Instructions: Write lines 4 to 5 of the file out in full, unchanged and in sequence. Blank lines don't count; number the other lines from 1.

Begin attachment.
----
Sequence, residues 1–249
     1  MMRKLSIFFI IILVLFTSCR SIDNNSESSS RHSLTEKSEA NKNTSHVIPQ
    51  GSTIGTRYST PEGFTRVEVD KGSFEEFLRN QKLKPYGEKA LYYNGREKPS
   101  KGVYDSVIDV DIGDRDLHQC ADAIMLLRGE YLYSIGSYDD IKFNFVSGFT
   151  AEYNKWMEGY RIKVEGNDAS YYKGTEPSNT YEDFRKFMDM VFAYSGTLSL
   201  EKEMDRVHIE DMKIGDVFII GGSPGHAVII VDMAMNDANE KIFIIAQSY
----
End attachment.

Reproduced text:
   101  KGVYDSVIDV DIGDRDLHQC ADAIMLLRGE YLYSIGSYDD IKFNFVSGFT
   151  AEYNKWMEGY RIKVEGNDAS YYKGTEPSNT YEDFRKFMDM VFAYSGTLSL